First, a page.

3) Be Active on LinkedIn

As a content writer, LinkedIn can be a powerful source of connections for you. Try to add anyone that you work within a professional capacity, so you can keep in touch for future projects, recommendations, or otherwise. Keeping your profile up to date and making an effort to start connected, even if just by connecting with people and leaving it, could help you score more word-of-mouth positions later on.

When you launch a LinkedIn profile, you need to keep it up to date. Put up links to your social media or website, post a portfolio, and keep your work history as updated as possible. Make sure your profile reflects as closely as possible what you do and the type of jobs you’ve been doing.

4) Keep Connected to the Pulse of the Industry

Do you know what’s going on in and around your niche in the beauty industry? Tap into the right sources to stay connected to the latest news, trends, and goings-on in your niche. You should keep an eye on the general industry-wide trends, but focus most of your effort on knowing what’s going on in your particular niche.

If your main focus is hair, keep up with the latest hair trends, tech, styles, and methods. Same with makeup, fashion, skincare, or any other segment of the beauty industry. Whether it’s the latest hairstyle trend or an upcoming show, make a point of knowing about it. You always want to be on top of what’s happening, so you can write about it and make pitches from a place of knowledge.

In the beauty industry, product launches are especially important. Many product launches create a lot of hype and excitement, so you’ll want to know when something is coming out ahead of its launch. Make sure you’re tuned into the right sources to hear about as many of these launches as possible.

When pitching topics or ideas for articles, having an eye on trends and news helps you think of novel ideas that might catch public interest. You won’t be able to do this unless you know what people are saying, doing, and looking into at any given time.

5) Narrow Your Niche

It’s tempting to look for whatever work you can get as long as it’s slightly related to beauty. The problem is that if you dilute your work too much you won’t end up with enough experience in your preferred field. It’s difficult to specialize and get a detailed knowledge of a specific niche if you keep branching out to completely unrelated topics. A jack of all trades may be able to find more work, but specialization helps you get better jobs, consistent work, and often higher pay.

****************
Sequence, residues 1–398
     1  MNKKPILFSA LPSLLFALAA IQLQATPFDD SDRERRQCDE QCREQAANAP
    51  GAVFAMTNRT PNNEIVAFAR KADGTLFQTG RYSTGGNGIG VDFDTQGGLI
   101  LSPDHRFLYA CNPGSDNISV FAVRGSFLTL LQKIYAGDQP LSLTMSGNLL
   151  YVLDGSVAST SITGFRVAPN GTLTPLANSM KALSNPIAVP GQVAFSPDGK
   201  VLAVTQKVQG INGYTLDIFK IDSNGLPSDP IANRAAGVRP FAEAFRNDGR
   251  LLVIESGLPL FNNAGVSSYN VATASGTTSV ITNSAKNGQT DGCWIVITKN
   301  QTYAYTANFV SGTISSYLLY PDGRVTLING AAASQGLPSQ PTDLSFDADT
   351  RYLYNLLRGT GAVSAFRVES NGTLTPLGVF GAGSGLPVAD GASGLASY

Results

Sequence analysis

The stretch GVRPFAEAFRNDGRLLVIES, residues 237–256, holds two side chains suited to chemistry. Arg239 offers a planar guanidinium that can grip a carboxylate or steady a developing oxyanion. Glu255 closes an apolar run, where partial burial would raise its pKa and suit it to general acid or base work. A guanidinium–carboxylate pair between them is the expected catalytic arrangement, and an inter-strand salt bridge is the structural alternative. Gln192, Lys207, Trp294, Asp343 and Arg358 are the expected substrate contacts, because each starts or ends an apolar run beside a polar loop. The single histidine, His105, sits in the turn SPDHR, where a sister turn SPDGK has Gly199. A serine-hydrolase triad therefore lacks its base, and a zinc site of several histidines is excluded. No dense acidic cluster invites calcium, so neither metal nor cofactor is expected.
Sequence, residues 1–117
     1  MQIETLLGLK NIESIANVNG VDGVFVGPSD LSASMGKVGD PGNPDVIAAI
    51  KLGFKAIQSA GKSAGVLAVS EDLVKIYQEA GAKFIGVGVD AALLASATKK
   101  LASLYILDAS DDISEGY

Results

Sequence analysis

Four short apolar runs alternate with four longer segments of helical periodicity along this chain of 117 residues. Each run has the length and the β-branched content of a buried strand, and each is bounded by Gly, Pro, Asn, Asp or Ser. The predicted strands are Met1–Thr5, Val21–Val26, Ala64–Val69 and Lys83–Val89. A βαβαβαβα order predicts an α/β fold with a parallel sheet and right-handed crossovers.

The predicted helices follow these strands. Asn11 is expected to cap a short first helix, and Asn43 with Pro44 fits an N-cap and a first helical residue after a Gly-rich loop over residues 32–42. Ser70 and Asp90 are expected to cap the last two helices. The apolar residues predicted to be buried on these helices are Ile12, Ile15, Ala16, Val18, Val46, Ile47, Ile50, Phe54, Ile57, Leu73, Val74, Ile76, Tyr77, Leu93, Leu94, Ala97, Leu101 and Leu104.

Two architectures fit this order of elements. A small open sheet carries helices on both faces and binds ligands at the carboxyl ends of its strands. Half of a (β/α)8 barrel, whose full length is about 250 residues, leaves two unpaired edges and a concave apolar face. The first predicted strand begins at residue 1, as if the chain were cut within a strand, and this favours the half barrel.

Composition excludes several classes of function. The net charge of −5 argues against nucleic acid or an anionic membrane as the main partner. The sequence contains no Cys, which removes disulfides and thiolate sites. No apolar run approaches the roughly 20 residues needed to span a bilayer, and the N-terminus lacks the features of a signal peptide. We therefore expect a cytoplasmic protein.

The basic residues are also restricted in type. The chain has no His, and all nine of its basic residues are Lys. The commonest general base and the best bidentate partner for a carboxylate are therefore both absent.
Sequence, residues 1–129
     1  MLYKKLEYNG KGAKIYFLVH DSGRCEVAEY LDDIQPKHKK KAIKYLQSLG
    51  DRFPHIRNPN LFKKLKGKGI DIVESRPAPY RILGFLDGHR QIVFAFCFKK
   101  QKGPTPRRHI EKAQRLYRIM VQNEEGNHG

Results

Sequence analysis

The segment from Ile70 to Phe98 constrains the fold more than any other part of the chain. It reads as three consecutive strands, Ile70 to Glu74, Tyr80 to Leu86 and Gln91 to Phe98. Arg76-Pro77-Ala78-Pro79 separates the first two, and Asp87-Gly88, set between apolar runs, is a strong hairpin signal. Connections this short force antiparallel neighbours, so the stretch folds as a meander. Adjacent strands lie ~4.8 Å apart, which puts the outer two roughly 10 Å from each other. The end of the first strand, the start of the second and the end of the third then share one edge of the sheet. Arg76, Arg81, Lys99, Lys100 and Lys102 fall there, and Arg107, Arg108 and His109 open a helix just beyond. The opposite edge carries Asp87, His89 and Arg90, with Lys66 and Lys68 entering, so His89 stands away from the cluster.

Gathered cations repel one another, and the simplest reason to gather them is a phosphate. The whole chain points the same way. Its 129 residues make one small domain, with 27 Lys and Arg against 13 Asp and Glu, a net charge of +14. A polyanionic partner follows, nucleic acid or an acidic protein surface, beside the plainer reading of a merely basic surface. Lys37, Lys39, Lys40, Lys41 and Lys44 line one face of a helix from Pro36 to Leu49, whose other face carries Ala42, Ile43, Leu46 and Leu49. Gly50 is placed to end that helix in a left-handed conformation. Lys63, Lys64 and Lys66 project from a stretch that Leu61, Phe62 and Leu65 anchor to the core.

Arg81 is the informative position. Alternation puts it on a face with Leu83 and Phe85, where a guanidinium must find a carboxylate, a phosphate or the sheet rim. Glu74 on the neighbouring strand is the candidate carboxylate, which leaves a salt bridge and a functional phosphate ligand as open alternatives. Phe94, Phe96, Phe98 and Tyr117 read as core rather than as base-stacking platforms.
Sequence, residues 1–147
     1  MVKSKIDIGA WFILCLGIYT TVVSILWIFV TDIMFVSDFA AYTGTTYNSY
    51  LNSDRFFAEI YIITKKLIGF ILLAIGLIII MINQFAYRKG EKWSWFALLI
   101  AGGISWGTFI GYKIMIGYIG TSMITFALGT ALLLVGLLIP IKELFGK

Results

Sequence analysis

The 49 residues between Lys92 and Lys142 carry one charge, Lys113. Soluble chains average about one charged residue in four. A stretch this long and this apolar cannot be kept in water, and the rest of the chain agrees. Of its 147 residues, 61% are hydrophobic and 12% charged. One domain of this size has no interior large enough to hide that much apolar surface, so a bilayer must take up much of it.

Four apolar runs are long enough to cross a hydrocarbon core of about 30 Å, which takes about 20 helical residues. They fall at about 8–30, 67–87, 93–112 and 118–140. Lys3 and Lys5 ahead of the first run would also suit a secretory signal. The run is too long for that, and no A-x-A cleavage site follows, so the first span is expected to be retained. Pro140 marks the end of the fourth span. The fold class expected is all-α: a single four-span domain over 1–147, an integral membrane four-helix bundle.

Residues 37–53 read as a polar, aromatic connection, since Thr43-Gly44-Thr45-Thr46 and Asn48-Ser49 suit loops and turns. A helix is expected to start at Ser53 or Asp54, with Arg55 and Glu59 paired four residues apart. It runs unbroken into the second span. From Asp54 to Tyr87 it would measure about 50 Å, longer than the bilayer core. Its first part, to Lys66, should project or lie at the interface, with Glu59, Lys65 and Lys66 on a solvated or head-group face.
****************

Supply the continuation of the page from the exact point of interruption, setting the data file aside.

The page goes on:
When you stick to a certain niche, you unlock a lot more work in that same niche. Getting a lot of experience writing in a niche makes you more valuable in that specific niche, helping you land better and better contracts you wouldn’t get with limited experience.

Niching out doesn’t mean choosing a very narrow topic. What it means is getting gradually more specific. In the beginning, you can define your niche in a broad term, like hair. As you go, narrow it down. For example, you can narrow down from hair in general to hairstyling (as opposed to hair care, cuts, etc.), and then again to styling curly hair. The best part about niching is that you can step back to a broad term more easily than you can step forward into a very specific niche.

If you get down to a narrow niche like curly hairstyles, you open doors to do work with websites or brands that cater to that market. Since you’ll already be familiar with the industry and the topic, you’re a better choice for them than a general hair or writer in the beauty industry. You can still do other projects that are related to your niche, but having a defined specialization helps lead your career in the way you want to go and makes it easier for you to find solid long-term contracts.

6) Stay Curious – Learn from the Best!

Always try to learn how to improve your craft. Find a few beauty journalists whose work you enjoy reading, then continue reading them regularly. You can also find beauty websites that publish articles or blogs you enjoy reading and follow along with their new content.